Saturday, April 9, 2016

Review: "Midnight Special"

"Midnight Special" has that Spielbergian element of wonderment but not the emotional connection. Writer/director Jeff Nichols' fourth feature film, all of which feature Michael Shannon, fills the mind but not the heart. It's a mystery that reveals too little of itself, as if afraid to lay down its big cards and see how the audience reacts.

It's still a worthy film. But compared to the unnerving appeal of "Take Shelter" or the twangy, Twain-esque charm of "Mud," it feels like a bit of a letdown.

Two men are on the run, having kidnapped a curious young boy. Alton (Jaeden Lieberher), 8, sits in the back of the car, content and unafraid, reading comic books while wearing dark goggles as they flee in an old muscle car -- even though it's night. Alton never goes anywhere during the day, never goes out at all in the light.

Answers are few, and drip out at a sometimes frustratingly slow pace.

Roy (Shannon) says he's the boy's father, but we're not entirely certain. He's a little distant, giving instructions in a harsh tone. He seems to regard Alton as an obligation rather than someone to be loved. The other guy is Lucas (Joel Edgerton); we know even less about him than the other two. But he handles himself well in tight corners, and we get the sense that's why he's there.

They clearly care about Alton, revere him even; but it's the sort of care you might have for a pet tiger.

Clearly Alton is special. We know this because a (too) long expository sequence introduces us to The Ranch, a religious cult run by Calvin (Sam Shepard), who is Alton's adoptive father. They've got a Branch Davidian feel -- pastoral, patriarchal, well-armed and expecting a reckoning any day now. The FBI has been watching them for some time, and when Alton is kidnapped they search the place and question everybody.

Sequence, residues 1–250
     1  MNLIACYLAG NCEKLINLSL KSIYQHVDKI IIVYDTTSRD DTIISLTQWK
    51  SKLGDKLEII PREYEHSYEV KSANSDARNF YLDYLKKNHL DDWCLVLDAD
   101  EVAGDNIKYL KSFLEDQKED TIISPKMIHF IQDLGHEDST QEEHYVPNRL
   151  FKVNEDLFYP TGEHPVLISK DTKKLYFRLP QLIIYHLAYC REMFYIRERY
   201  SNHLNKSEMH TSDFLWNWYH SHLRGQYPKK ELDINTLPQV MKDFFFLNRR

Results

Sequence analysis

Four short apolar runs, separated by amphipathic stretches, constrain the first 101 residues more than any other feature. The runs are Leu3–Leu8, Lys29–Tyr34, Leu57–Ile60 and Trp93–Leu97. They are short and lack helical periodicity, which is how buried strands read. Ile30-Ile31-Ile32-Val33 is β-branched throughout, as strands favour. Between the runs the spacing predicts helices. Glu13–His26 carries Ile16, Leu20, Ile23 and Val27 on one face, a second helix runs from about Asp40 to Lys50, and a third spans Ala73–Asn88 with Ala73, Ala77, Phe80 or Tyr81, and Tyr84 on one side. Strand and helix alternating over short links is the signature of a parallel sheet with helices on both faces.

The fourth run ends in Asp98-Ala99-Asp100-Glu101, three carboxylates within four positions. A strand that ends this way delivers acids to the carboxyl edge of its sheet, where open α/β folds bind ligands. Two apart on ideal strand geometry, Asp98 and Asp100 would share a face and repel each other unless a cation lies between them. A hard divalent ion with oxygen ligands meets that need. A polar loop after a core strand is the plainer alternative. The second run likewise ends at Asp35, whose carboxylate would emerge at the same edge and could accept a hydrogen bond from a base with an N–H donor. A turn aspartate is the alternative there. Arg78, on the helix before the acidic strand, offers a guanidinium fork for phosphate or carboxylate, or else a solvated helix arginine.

Adam Driver plays Paul Sevier, a bookish type from the NSA who's brought in because some of the Ranch's scripture includes data that could only come from top-secret satellite communications. Calvin patiently explains that the boy sometimes speaks in tongues, and they write down what he says and regard it as holy text.

There are also reports of supernatural powers, light coming from Alton's eyes, and those who commune with this illumination feel a sense of peace and fulfilmment.

After the feds have left, Calvin dispatches some of his own men (Bill Camp, Scott Haze) with guns to track Roy down and bring Alton back.

We eventually meet up with Alton's mother (Kirsten Dunst), who is eager to be reunited with her son. We get the sense Alton was taken away from her and Roy without their entire willing consent. Both used to be part of the cult, and broke away at some point, or were thrown out.

"We get the sense" is largely the way the audience experiences this movie. Too many filmmakers feel compelled to spell everything out for us, to the point there are no surprises. Nichols goes too far the other way, raising tantalizing question and possibilities and then... just leaving them out there, unexplored.

Since the Ranch folks seem to regard Alton as their resident savior, did the cult exist before he came into their midst? Or did they adjust their beliefs to accommodate his supernatural abilities?

Eventually we learn more about Alton, what he can do, what his purpose is. But the information arrives so late in the going it doesn't have time to register with a lot of visceral impact. There's too much chase-chase and not enough questioning why they're running, and why others are chasing.

Despite all this, I liked the movie. It's in some ways a spiritual successor to "E.T. the Extra-Terrestrial." Alton is the intriguing Other whose mystery must be puzzled out, but doing so means certain loss for those who join the quest. Dangerous people join in the hunt, some with benevolent intentions, others selfish, but either way their interference just serves to prevent Alton from fulfilling his destiny.

There's been a lot of buzz about "Midnight Special," but the studio decided to dump it into theaters without any fanfare or screenings. (They even moved up its limited release by a week on short notice.) It's a shame. It's a flawed but worthwhile film that bespeaks of better things to come.

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